This paper documents the impact of popular media on racial hate by examining the first American blockbuster: 1915's The Birth of a Nation, a fictional portrayal of the KKK's founding rife with racist stereotypes. Exploiting the film's five-year "road show," I find a sharp spike in lynchings and race riots coinciding with its arrival in a county. Instrumenting for road show destinations using the location of theaters prior to the movie's release, I show that the film significantly increased local Klan support in the 1920s. Road show counties continue to experience higher rates of hate crimes and hate groups a century later.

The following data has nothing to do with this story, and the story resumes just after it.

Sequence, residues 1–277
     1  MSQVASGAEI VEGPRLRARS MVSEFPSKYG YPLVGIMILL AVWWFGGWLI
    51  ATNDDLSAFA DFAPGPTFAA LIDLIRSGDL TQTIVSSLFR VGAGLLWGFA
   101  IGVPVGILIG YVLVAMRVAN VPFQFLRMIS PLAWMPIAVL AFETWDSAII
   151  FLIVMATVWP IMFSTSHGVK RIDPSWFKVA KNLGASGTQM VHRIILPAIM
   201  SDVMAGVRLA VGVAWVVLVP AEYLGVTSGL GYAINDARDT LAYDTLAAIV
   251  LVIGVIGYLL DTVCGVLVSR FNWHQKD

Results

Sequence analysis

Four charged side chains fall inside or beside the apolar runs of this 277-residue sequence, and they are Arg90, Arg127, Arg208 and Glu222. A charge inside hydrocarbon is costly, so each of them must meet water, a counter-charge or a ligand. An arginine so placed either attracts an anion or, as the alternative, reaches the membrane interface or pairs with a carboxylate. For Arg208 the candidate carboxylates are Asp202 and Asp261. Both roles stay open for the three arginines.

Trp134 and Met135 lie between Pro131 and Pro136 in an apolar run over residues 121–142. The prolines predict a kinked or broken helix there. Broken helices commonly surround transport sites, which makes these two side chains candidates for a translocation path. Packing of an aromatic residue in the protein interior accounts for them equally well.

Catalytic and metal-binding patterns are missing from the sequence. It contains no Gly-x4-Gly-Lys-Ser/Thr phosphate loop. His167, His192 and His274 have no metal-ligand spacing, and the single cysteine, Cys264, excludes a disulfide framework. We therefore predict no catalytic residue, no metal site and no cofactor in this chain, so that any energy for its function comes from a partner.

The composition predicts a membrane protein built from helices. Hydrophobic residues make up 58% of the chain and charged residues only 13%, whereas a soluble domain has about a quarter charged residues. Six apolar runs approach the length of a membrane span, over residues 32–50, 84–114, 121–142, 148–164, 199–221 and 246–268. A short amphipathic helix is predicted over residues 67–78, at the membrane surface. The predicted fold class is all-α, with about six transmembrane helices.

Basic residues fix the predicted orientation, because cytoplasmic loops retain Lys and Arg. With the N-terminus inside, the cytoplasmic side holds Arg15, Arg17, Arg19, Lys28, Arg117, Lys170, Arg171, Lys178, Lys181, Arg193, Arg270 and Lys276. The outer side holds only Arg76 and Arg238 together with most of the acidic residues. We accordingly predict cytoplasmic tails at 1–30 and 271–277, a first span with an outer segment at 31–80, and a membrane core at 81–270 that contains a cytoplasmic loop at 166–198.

Ang, Desmond. "The Birth of a Nation: Media and Racial Hate." American Economic Review 113.6 (June 2023): 1424-1460.